Have you ever had an employee who, although strong in many areas, even "high potential", received the same feedback year after year about what he or she needed to improve? Or, are you now trying to change your own behavior?
Some issues that even high potential leaders typically grapple with year after year are:
- delegating better
- becoming a better listener
- managing emotions
Harvard professors Robert Kegan and Lisa Lahey suggest that, often, it is not a matter of insufficient motivation (what some might call "low will", but a matter of strong competing commitments that may be out of our awareness. What are these competing commitments? Often, they are commitments to avoid the possibility of something bad happening to us, often something that may not even be within our awareness, but something that makes perfect sense, given our current assumptions.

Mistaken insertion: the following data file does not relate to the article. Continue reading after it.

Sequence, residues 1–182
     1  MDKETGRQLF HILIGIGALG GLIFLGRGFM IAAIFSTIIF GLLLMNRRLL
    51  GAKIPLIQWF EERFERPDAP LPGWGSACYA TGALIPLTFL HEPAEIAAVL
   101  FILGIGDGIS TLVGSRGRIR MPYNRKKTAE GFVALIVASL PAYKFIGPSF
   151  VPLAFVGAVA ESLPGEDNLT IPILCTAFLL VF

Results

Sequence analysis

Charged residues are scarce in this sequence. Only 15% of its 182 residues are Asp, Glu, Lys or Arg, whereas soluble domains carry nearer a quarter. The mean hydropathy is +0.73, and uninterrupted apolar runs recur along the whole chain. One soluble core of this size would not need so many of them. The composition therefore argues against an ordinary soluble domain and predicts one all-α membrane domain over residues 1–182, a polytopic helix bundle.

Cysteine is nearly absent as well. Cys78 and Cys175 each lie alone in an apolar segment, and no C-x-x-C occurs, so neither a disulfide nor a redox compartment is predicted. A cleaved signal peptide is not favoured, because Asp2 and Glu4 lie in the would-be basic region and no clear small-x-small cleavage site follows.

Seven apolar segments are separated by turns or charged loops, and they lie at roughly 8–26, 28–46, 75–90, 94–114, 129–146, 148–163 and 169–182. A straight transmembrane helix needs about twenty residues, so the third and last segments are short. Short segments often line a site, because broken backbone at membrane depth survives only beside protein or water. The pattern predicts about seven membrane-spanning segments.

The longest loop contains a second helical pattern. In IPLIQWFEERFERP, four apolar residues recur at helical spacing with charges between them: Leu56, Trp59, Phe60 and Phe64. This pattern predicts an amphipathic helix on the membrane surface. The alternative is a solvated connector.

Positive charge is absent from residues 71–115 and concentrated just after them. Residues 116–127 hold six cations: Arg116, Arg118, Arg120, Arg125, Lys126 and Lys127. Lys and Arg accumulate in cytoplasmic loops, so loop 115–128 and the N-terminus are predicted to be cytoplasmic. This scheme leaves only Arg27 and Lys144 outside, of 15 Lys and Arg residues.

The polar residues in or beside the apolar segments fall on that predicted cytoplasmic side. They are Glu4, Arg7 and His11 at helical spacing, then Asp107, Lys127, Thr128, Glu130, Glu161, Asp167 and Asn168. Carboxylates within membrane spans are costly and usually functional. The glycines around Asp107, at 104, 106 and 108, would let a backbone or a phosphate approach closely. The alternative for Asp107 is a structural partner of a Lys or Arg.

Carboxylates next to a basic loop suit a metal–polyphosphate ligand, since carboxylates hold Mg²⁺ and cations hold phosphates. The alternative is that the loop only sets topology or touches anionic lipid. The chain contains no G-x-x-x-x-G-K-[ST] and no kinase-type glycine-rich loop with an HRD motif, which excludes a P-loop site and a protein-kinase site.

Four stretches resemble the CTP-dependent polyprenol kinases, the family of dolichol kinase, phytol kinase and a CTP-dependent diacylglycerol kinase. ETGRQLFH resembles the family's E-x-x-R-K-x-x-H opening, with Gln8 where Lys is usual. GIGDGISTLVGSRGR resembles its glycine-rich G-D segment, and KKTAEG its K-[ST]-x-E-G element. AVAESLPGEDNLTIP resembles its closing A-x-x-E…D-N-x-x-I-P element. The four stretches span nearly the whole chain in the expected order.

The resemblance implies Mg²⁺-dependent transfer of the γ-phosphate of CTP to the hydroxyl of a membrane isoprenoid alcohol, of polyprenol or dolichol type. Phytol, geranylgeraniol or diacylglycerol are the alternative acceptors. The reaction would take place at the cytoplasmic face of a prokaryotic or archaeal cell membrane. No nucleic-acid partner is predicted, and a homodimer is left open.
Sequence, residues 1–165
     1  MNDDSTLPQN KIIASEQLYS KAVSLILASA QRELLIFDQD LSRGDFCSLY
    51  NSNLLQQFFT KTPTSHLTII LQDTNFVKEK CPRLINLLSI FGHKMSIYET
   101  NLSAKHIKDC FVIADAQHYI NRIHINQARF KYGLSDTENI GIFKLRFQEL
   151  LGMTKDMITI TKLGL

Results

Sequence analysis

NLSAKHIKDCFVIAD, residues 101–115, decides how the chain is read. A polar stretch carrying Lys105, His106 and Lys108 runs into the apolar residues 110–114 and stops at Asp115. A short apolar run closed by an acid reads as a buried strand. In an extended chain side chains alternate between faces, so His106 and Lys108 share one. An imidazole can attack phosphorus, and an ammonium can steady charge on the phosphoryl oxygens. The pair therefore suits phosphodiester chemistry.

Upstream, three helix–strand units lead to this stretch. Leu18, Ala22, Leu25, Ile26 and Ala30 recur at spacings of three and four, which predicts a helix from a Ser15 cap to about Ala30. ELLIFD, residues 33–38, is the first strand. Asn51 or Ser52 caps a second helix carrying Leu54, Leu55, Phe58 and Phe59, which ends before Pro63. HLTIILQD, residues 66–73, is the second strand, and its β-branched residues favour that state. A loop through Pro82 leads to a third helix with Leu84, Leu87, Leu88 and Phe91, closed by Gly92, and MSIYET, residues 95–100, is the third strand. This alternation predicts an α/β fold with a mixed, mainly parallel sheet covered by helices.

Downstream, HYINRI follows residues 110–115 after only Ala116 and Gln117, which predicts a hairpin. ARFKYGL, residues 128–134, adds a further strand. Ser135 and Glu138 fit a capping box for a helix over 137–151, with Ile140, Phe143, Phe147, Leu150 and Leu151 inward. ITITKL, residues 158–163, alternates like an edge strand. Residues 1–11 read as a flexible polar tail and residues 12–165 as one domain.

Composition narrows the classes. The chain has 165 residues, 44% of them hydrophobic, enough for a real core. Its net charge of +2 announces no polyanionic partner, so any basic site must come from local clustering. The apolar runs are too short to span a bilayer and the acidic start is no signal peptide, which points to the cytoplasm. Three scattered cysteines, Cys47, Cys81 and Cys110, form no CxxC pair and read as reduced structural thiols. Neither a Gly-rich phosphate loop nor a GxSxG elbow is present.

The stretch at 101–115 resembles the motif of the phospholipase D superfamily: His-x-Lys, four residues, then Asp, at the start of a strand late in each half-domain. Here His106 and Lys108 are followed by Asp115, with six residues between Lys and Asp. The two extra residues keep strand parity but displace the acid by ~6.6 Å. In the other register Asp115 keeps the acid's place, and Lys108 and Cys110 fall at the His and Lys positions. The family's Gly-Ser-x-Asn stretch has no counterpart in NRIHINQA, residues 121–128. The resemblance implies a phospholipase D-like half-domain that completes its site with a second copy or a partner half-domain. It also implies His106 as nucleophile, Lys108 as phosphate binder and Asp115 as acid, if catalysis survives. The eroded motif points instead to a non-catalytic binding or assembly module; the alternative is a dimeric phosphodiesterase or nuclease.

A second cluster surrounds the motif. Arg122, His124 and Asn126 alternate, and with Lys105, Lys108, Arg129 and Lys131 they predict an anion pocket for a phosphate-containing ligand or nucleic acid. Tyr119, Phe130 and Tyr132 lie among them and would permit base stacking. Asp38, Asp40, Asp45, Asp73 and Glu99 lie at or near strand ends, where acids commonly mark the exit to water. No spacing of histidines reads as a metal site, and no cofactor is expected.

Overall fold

By identifying our competing commitments, understanding the role they play in keeping us stuck and unable to create lasting change, and the assumptions that keep our "immunity to change" system in place, we have a good chance of making lasting progress.
Once we have identified the assumptions that keep us stuck, we can devise tests or experiments that will allow us to see if it might be possible to discard at least some of these assumptions. If we find that some of our assumptions are no longer valid, change becomes significantly easier.
Working with an Immunity to Change coach, you and/or your team members can develop an immunity to change map, devise experiments to test assumptions, and work toward lasting change and improvement.
If you are interested in finding out more about immunity to change coaching, just let me know.